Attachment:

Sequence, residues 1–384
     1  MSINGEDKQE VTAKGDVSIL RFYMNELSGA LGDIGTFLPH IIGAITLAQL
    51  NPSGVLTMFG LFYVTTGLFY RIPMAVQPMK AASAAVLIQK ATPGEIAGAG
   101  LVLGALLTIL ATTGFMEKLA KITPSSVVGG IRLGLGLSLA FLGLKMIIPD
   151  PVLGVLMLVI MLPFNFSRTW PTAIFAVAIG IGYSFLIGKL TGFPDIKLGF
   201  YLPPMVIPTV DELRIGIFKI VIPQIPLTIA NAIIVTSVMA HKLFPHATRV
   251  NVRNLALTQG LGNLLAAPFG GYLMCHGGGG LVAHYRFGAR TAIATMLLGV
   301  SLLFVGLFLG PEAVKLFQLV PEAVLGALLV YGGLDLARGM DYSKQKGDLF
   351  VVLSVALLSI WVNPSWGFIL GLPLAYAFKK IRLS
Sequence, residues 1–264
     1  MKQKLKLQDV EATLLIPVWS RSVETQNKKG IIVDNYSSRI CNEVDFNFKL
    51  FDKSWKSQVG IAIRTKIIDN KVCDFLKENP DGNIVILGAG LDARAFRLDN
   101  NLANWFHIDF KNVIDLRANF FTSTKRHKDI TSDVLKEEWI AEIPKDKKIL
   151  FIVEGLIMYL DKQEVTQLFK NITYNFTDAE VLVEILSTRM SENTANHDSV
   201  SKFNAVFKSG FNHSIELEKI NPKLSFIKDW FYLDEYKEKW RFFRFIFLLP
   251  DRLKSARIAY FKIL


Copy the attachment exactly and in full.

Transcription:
Sequence, residues 1–384
     1  MSINGEDKQE VTAKGDVSIL RFYMNELSGA LGDIGTFLPH IIGAITLAQL
    51  NPSGVLTMFG LFYVTTGLFY RIPMAVQPMK AASAAVLIQK ATPGEIAGAG
   101  LVLGALLTIL ATTGFMEKLA KITPSSVVGG IRLGLGLSLA FLGLKMIIPD
   151  PVLGVLMLVI MLPFNFSRTW PTAIFAVAIG IGYSFLIGKL TGFPDIKLGF
   201  YLPPMVIPTV DELRIGIFKI VIPQIPLTIA NAIIVTSVMA HKLFPHATRV
   251  NVRNLALTQG LGNLLAAPFG GYLMCHGGGG LVAHYRFGAR TAIATMLLGV
   301  SLLFVGLFLG PEAVKLFQLV PEAVLGALLV YGGLDLARGM DYSKQKGDLF
   351  VVLSVALLSI WVNPSWGFIL GLPLAYAFKK IRLS
Sequence, residues 1–264
     1  MKQKLKLQDV EATLLIPVWS RSVETQNKKG IIVDNYSSRI CNEVDFNFKL
    51  FDKSWKSQVG IAIRTKIIDN KVCDFLKENP DGNIVILGAG LDARAFRLDN
   101  NLANWFHIDF KNVIDLRANF FTSTKRHKDI TSDVLKEEWI AEIPKDKKIL
   151  FIVEGLIMYL DKQEVTQLFK NITYNFTDAE VLVEILSTRM SENTANHDSV
   201  SKFNAVFKSG FNHSIELEKI NPKLSFIKDW FYLDEYKEKW RFFRFIFLLP
   251  DRLKSARIAY FKIL